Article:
Ideas for building around leftover Indian?

This is probably an apt topic for most delivery leftovers, but I think that Indian presents the biggest challenge. Certainly, you'll likely need more rice, and I've tried the ethnicky Near East brand's coconut-ginger version with Indian. Also, a room-temp cucumber salad made with Indian-type flavorings also agrees with this food. Any ideas?

Uh, Starbucks breakfast sandwiches actually taste ... good?!

It's with a healthy dose of humble pie that I post this addendum to our earlier discussion about these egg n' meat critters - fact is, I was initially inclined to bury my "correction" at the end of what appears to be the now-moribund prior discussion, but I figure, go ahead and get flayed on this one. I totally prejudged this one, and I was majorly wrong. The discussion inspired me to actually try the 'Bucks eggwiches, and they're actually quite tasty. Maybe they've always been like this, or maybe with time the whole prep process is ironing itself out, but I'm a fan. The one-stop-shopping aspect of it (Starbucks coffee plus food) has always been an enticement. I've now tried the pepper bacon version, and the turkey bacon version. They both feature a different cheese, the former a yellow cheddar and the other a whitish jack (it seems) . The "toaster" that's used to revive the sandwich really does the trick, in that the English muffin is somewhat crisped, the egg is slightly lofted, and the whole thing does get properly heated (this morning's even had real melted cheese, rather than just warmed cheese). The taste is the crux, though, and it's reasonably winning. The pepper bacon is just that, black-pepper-flecked and with a proper cooked texture. The turkey bacon, being other than swine, provides a milder bacon flavor, but it's enough of a flavor to do the trick in concert with egg, a white cheese and muffin. The big sell for me is that after taking the eggwich out of its cartouche-type serving baggie, the eggwich does not come off as made ages ago in a land far, far away. Granted, it doesn't and probably can't have the "ups" of an eggwich made right in front of your face, but if you remove that comparison and just contend with how it tastes and mouth-feels, it's good. So, I stand corrected.

I Love Pahn-eh-TONE-eh

Why don't more bakeries try to make panettone? Sullivan St. is the only boutique place I know of that gives it a shot, but the two I've had from their shop (diff. years) were on the dry side. Could it be it's because even the most generic, truck-stop-looking, boxed Italian panettone for sale at Gristede's or Rite Aid blows away any more hi-falutin', contemplated baking attempts at the stuff? Maybe it's also labor-intensive as well, but fact is, it's so unnecessary when you consider that a Motta, Alemagna or Perugina panettone is pretty much treading Platonic ideal territory. In my life, I've had one elevated version, a Sorisi panettone purchased from Williams-Sonoma some years ago, containing marrone glaces pieces rather than raisins or candied fruit. What I'm curious about is whether anyone's tried to flip panettone into an even more elevated form, like panettone french toast or panettone bread pudding (come on, that sounds good, don't it?).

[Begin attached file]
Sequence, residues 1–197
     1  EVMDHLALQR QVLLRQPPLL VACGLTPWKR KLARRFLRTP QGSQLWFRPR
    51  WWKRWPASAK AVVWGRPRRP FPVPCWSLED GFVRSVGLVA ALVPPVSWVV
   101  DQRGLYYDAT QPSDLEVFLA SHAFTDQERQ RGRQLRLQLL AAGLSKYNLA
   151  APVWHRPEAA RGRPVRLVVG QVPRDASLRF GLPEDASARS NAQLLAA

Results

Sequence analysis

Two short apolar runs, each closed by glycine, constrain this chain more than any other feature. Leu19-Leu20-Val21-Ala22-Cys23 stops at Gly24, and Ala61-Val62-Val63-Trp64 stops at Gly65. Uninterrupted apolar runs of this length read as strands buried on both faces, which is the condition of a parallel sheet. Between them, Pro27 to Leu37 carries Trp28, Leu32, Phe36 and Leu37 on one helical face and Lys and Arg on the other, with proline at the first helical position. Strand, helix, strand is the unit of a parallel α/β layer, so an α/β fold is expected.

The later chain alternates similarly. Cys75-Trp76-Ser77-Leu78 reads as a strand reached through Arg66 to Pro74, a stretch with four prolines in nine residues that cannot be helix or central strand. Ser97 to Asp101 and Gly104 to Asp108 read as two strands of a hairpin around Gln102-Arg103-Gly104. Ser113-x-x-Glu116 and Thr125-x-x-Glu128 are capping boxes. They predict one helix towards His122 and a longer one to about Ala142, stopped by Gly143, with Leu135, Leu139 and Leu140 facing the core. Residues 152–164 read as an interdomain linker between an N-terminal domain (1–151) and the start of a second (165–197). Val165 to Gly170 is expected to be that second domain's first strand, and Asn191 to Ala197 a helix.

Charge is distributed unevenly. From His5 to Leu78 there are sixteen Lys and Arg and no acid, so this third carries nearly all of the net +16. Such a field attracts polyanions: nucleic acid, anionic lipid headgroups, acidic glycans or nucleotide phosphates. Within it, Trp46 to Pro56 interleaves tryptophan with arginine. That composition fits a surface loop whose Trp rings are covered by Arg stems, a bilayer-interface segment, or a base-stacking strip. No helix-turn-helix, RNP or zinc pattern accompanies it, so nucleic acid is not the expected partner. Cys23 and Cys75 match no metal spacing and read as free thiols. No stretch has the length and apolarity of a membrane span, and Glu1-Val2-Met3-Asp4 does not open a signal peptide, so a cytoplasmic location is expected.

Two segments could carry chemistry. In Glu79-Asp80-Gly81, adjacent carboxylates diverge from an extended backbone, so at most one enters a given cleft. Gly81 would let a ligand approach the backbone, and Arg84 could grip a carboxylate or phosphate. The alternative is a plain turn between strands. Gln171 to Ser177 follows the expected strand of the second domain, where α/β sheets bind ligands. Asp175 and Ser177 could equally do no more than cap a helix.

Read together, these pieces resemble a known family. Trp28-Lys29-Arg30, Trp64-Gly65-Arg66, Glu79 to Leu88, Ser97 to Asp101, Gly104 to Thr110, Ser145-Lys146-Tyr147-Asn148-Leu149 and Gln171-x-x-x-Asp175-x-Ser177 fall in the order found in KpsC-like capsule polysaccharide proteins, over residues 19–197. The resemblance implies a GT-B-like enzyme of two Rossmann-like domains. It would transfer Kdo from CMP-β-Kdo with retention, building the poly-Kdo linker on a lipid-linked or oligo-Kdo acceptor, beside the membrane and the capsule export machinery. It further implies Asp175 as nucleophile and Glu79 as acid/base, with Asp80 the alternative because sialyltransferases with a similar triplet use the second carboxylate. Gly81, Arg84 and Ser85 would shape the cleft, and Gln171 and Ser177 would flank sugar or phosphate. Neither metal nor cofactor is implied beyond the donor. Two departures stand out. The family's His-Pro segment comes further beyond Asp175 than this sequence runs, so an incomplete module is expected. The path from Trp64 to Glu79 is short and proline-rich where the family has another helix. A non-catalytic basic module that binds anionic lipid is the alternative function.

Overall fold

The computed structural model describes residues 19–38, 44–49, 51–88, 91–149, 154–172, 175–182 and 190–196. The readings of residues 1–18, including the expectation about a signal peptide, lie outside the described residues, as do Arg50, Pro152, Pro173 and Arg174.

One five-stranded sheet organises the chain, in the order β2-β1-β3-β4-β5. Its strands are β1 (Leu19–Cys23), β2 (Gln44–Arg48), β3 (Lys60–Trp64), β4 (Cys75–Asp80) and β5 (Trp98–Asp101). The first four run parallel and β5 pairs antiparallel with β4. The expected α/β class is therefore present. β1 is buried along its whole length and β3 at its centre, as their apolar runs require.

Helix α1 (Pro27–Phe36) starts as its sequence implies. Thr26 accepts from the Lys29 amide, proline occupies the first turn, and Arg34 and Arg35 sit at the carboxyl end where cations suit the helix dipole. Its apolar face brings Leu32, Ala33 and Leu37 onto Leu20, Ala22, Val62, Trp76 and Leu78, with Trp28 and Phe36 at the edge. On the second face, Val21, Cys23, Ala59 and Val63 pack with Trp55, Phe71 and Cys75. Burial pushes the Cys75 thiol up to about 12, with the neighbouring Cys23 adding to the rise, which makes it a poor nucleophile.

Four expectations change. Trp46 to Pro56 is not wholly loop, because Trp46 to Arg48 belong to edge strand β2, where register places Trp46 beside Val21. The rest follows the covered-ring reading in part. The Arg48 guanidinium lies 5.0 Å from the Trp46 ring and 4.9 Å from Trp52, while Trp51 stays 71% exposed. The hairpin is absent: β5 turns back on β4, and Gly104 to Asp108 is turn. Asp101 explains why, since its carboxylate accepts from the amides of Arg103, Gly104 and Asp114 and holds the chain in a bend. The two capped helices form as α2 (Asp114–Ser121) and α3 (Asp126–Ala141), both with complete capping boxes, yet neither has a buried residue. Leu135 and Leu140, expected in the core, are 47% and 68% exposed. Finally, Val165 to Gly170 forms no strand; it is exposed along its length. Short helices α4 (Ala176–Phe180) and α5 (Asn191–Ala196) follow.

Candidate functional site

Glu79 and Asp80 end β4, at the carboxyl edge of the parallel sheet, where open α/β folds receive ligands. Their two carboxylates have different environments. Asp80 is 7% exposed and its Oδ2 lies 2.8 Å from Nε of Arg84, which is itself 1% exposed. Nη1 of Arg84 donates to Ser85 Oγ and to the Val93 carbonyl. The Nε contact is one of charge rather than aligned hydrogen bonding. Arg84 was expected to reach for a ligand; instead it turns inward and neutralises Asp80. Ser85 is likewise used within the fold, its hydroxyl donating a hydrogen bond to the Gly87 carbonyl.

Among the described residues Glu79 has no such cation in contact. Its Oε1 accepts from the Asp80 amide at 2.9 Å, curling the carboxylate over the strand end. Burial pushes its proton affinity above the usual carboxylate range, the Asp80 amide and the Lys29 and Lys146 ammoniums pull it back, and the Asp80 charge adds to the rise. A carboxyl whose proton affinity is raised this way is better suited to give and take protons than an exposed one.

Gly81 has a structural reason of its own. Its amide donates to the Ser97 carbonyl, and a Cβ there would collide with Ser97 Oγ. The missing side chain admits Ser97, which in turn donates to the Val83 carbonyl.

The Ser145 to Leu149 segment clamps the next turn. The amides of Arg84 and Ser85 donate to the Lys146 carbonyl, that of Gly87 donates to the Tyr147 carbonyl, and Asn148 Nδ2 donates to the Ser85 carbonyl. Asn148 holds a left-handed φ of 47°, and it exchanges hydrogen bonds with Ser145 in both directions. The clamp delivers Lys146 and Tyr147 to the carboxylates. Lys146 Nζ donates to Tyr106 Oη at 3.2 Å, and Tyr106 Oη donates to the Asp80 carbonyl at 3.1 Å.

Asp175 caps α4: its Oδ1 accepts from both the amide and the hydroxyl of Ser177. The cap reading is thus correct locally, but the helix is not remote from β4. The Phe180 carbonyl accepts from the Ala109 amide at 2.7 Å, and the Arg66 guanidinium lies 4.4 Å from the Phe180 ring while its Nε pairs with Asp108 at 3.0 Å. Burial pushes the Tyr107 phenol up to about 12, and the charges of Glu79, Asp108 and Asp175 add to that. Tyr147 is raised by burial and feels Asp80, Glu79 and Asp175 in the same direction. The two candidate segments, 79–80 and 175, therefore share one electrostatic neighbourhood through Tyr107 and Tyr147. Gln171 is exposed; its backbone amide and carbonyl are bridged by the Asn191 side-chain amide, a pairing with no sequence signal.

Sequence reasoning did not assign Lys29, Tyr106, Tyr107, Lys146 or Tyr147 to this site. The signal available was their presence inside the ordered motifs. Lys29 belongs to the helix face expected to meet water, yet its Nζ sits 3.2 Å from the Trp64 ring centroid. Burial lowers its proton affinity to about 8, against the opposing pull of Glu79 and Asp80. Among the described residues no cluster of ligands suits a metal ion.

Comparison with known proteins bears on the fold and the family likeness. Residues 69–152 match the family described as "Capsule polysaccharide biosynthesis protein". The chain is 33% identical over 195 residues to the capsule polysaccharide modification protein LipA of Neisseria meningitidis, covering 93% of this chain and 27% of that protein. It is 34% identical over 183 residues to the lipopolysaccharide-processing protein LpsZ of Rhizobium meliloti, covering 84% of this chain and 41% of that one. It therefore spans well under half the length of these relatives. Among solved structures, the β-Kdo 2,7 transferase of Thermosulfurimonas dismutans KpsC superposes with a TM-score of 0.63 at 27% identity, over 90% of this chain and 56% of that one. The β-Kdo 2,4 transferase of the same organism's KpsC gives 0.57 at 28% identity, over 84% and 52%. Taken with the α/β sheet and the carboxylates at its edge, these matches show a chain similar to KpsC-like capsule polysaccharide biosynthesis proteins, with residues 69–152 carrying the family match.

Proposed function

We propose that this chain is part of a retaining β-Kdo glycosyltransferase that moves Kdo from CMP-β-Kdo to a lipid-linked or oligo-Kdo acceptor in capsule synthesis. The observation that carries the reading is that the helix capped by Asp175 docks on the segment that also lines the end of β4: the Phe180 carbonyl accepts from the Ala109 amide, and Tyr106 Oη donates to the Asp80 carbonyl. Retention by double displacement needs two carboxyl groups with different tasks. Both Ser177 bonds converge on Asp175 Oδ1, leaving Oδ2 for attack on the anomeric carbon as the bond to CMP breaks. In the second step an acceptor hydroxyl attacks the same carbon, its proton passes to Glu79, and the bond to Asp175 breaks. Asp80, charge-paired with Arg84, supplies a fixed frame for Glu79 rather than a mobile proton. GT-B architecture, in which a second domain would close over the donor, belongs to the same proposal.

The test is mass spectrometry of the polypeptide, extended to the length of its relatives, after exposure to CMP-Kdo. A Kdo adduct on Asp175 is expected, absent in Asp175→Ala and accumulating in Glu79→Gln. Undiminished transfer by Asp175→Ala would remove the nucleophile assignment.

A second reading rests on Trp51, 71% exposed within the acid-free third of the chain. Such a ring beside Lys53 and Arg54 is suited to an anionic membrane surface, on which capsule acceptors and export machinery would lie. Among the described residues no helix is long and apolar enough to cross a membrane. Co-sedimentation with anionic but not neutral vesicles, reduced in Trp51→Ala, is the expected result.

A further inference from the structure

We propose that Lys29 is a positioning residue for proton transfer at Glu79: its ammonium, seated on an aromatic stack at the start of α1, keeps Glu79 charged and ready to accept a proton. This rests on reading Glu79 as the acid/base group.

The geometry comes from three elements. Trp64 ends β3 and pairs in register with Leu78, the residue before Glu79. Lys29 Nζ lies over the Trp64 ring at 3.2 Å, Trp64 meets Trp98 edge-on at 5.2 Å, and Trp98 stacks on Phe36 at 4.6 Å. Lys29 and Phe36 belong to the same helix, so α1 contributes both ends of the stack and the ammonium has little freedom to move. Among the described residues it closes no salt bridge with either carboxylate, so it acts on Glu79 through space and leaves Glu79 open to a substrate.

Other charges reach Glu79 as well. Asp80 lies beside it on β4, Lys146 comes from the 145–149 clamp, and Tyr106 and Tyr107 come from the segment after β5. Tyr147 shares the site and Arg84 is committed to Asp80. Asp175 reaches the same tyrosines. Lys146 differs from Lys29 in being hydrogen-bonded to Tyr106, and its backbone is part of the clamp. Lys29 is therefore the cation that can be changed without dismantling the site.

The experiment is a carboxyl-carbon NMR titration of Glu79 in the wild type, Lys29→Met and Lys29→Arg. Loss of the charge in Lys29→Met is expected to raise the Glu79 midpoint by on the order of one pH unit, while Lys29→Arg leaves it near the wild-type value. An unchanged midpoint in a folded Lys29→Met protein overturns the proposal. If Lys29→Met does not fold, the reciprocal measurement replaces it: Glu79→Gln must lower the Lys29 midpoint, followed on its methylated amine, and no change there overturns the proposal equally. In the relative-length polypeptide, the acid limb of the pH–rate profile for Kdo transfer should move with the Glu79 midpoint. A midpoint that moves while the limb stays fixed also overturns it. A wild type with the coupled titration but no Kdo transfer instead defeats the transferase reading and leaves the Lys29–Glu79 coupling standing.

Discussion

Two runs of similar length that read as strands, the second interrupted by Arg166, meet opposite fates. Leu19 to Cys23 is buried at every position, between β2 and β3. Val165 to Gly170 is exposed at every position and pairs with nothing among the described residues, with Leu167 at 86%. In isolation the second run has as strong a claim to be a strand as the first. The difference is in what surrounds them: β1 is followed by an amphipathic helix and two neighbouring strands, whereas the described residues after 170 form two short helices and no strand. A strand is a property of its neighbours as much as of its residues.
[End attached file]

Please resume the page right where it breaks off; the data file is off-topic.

Why is Lonesome Dove Western Bistro getting killed?

I've read several reviews of this Flatiron District restaurant (in NYC) and it's just getting hammered. After having eaten there, I don't get it. The reviews I've read (Cuozzo in the Post, NY Ragazine, Bruni in the Times too I recall) kill this place, like a bad Broadway premiere. It's like, they WANT to kill it, and I definitely sense some East Coast bias in the tone. Everyone agrees that the steaks are great, which I know gets a big whoop here because alleged Luger waiters are all getting backing to open their own cattle pens. But if they're great, they're great. The reviews don't seem to even enjoy the idea of a game-based menu, and on top of that the execution at LD also gets crucified. Anyone else eaten there care to share? I will admit the lighting for menu reading purposes is bad, but overall there are far worse places in Gotham that get coddled by comparison.

Love/Hate Mama' Mexico (W 102 & B'way)

This place has probably the best, freshest, most carefully prepped Mexican in the city, and yes, you do pay for it. Don't believe me? - Do a dry run by ordering a basic combo platter, all items you've gloopity-glooped through at other places before. Here, the tamale is pristinely executed, with a firm, flavorful delivery, and the chile relleno is far more than a melted block of spicy Jack ensconed in a pepper. Chimchangas? Awesome. I could go on about the food...

It's alot else that irks, though. The service is way, WAY too stuffy, from the besuited and betied maitre d' at lunch to the plurality of servers just standing around, like sentinels ringing a fort. They're also overdressed. There are always the wallet-gouging specials, even at lunch and even with an 8-page menu. (Just ask not to hear them - they'll make it stop.) Service takes awhile, but only because it's DELIBERATELY slow, to artificially formalize the dining experience. This is also another place that insists upon dining clusters - if there's one other occupied table in the whole place, be sure you'll end up sitting right next to it. But my big peeve is the customer-assisted Changing of the Table Paper, in which after your meal and before the dessert course (and by the way, no one there cares whether you're actually having dessert - YOU'RE GONNA HELP CHANGE THE PAPER) a sentinel with a fresh piece of white table paper will come over, say to you "Change the paper", and expect you to lift up everything off the old table paper so the paper can be changed. You've got your hands full managing a 15-month old? - too bad, change the paper. Busy reading the latest installment of Connolly's "The Overlook" in the Times Magazine? - too bad, change the paper. And of course, you've already asked for the check before the paper sentinel appears (didn't I mention that?).

I'll return for the food and the home proximity, but pretty soon, we're gonna decline the paper change just to test the waters of defiance...